Checkpoints Slow Travel In Dominican Republic Border Town

Communications Officer Sara Fajardo is traveling in Haiti and the Dominican Republic, reporting on CRS programs and sharing her experiences with us.

Leaving Haiti I handed my passport to the same border guard who had taken down my info when I entered the country. He wrote my name, the date, my nationality, and passport number in an old fashioned ledger and checked the box for departure. Exiting Haiti, unlike every other country I’ve ever been to South of the U.S. was absolutely free.

Once again in the Dominican Republic Rosalba signaled two motorcycles to drive us to the bus station. Still not a fan of teetering on the back of a bike without a helmet, I clung on so tightly to the driver, that Rosalba joked I must have left claw marks. We drove through the city of Dajabón at a staggering 10-15 mph before we finally arrived at the bus station with cars heading towards our next destination of Mao.

The Bachata music was blaring. People piled on with voluminous bags overflowing with freshly purchased goods from the bi-national market. I pulled the green curtains closed hoping to catch up on some much needed sleep during the two-hour bus ride ahead of us.

Our car pulled out at 10:05 a.m. at 10:10 we stopped at a military checkpoint. A guard dressed in fatigues came out. Another soldier, who looked little older than a boy, waited outside holding a rifle almost half his size. Rosalba told me they were looking for contraband and checking the documents of foreign nationals. I reached for my backpack ready to pull out my passport and she laughed. “They won’t check you. They are looking for undocumented Haitians.”

As if on cue the driver called out, “there is a Haitian on board. He’s in the back. He has his papers.” The driver’s declaration proved unnecessary; the guard had headed straight for “el Haitiano” as soon as he climbed on board. Rosalba whispered to me, “they usually only look over the paperwork of those who are dark skinned.”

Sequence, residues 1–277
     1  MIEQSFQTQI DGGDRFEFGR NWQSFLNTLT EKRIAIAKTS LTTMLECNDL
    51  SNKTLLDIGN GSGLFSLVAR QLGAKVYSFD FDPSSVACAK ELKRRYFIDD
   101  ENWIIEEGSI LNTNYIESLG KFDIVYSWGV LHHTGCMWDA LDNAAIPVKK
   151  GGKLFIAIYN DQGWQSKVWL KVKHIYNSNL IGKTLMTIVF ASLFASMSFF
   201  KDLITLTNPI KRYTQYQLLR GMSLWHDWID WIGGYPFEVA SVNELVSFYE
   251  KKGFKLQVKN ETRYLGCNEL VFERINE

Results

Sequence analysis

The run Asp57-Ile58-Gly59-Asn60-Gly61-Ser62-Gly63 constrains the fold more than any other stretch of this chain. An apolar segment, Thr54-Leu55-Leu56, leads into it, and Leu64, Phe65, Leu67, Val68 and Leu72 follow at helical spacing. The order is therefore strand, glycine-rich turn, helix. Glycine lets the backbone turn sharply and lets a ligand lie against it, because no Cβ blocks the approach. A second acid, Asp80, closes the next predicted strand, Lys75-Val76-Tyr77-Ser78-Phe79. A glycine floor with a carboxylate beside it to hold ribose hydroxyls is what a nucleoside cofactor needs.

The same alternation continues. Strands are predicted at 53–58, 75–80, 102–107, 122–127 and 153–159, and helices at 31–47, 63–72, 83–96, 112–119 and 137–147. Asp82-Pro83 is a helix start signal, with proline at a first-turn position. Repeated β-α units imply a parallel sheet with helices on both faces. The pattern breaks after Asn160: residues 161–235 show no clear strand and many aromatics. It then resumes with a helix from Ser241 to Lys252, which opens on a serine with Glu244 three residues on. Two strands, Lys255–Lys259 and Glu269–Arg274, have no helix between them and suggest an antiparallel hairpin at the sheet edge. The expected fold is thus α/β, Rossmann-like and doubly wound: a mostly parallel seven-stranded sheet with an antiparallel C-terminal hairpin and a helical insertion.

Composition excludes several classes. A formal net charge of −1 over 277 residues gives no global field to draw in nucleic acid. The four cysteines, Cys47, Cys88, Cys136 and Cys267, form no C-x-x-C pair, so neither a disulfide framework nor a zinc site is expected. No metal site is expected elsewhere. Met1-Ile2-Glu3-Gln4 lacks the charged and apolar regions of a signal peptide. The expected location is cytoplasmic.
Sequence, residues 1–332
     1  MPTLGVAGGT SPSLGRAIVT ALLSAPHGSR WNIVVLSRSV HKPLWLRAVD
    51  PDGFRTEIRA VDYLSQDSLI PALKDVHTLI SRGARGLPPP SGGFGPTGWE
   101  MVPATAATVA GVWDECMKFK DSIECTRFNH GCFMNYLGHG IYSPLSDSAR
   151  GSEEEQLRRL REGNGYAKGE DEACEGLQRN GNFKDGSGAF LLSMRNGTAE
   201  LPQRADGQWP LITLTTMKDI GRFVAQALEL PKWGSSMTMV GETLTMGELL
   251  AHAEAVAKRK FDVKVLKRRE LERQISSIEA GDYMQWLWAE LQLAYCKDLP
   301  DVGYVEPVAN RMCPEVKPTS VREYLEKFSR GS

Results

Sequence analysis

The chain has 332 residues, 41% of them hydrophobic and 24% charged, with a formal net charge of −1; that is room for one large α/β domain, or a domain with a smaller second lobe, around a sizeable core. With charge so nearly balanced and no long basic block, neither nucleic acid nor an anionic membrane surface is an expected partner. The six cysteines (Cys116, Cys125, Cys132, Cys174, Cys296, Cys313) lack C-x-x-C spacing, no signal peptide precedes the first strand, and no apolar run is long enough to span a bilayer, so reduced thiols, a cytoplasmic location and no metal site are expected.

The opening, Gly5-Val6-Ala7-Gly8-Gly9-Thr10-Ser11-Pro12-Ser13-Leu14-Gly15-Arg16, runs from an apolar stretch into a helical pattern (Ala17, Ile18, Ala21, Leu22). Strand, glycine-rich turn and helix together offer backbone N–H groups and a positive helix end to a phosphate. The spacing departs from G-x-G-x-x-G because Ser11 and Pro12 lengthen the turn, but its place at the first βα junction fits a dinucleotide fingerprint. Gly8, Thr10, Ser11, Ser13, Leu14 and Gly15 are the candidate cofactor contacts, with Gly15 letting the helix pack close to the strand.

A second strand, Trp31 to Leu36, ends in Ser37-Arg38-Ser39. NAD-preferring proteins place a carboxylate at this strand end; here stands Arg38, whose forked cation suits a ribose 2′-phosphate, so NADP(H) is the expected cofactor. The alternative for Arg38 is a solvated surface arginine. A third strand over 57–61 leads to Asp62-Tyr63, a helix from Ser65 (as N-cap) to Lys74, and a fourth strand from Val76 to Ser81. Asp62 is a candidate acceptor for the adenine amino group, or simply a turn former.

Everything was in order, we pulled out. A song was blasting about losing the love of a good woman. I watched the crucifix hanging from the rearview window sway back and forth. I settled in, ready for some sleep. At 10:12, we were stopped again. This time a man dressed in a light blue and red striped polo shirt climbed aboard. He had a gun sticking out from his waistband. Once again he ignored every other passenger and headed straight for el Haitiano.

On the radio, Elvis Martinez was now singing about a woman who wouldn’t commit.

At 10:31 we were stopped again. The military checkpoint was a white plastic chair in front of a lottery kiosk. The guards were dressed informally. El Haitiano had stopped putting away his documents and had them ready to hand over.

At 10:46 it was a yellow barricade in the middle of the street that stopped us. An old merengue song, an ode to baseball filled the bus. The guard’s attire: an olive green jacket with the insignia G-2.

Realizing sleep was impossible, I began to try and predict what kind of song would be playing the next time we were stopped, new love or lost love, and whether the guards would be dressed informally or in state-issued uniforms.

At 11:30 it was a white and turquoise Daihatsu truck in the middle of the street that brought our engine to an idle. The guards didn’t bother climbing aboard. They simply waved us on.

In total we were stopped ten times that day. Rosalba was surprised about how low the number was, “it’s usually 19-20 times we are stopped on these trips,” she told me. The military checks are part of the routine of traveling through the Dominican Republic. El Haitiano was resigned to it. No one else seemed bothered by it. That was just life along the border.

– Sara Fajardo

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